Fleet News

Congestion charging blow for green fleets

GREEN fleets anticipating discounts from congestion charges in London because they run alternatively-fuelled vehicles are in danger of falling foul of the small print of the capital's charging scheme.

Originally, companies running gas-powered vehicles claimed a victory when the scheme promised 100% discounts for both mono and bi-fuel vehicles capable of running on liquefied petroleum gas or compressed natural gas.

However, it has now become clear that the discount is not available to all gas-powered vehicles, but only those that meet the most stringent emissions standards. This means the vast majority of alternatively-fuelled vehicles will not qualify for any discount from the £5 per vehicle daily charge.

To qualify for a discount, cars and LCVs converted to LPG must have emissions that represent a 30% improvement on Euro IV emission levels and be on the TransportAction PowerShift register. Powershift grants subsidise the additional cost of converting a vehicle to run on gas, and as a rule of thumb London charging discounts will only be available to vehicles that are eligible for the highest level of Powershift subsidy.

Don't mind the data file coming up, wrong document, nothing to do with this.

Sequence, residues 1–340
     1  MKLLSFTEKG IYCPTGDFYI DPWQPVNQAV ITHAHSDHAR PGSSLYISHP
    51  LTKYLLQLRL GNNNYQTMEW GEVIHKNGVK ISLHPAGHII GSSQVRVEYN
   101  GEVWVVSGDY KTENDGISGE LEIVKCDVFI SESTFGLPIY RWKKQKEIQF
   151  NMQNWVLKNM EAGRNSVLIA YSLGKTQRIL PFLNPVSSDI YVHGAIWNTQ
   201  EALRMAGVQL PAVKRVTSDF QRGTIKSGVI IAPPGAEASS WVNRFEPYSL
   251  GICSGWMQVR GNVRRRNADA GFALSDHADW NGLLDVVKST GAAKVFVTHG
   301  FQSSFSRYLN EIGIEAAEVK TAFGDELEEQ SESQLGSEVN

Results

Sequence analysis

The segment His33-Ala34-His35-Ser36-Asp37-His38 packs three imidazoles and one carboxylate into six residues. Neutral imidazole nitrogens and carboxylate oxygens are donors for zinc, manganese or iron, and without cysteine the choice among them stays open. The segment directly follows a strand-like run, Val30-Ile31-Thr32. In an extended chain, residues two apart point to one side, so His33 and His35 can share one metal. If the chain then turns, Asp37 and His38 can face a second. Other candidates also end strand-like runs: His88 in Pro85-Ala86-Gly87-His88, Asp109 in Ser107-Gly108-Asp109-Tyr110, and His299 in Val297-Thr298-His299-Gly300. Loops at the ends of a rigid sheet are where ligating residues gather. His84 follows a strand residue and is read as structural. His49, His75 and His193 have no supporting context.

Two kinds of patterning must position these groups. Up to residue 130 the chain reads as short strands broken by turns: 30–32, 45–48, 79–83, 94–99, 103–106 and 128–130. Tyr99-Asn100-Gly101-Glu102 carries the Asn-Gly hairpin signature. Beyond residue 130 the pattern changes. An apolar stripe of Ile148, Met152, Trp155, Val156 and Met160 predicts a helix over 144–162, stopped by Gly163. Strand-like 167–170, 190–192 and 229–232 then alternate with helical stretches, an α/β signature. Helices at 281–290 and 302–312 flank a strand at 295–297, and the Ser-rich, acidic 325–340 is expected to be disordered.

There are 31 new vehicles and aftermarket conversions on the Powershift register that meet the stringent emission standards required to avoid congestion charges, and TransportAction says it has awarded grants to 1,360 cars and vans that meet these standards. However, with an estimated 50,000 gas-powered cars and vans on the road, it is clear that the vast majority will have to pay congestion fees.

A spokesman for Transport for London said: 'Fleets applying for a 100% discount for vehicles running on alternative fuels will have their details cross-checked with the Power- Shift Register. If they are not on the register, then they won't qualify for a discount.'

The warning follows details of how much London mayor Ken Livingstone will be spending on getting the congestion charging scheme up and running. About £200 million will be invested before the launch in February 2003, with a further £230 million over five years.

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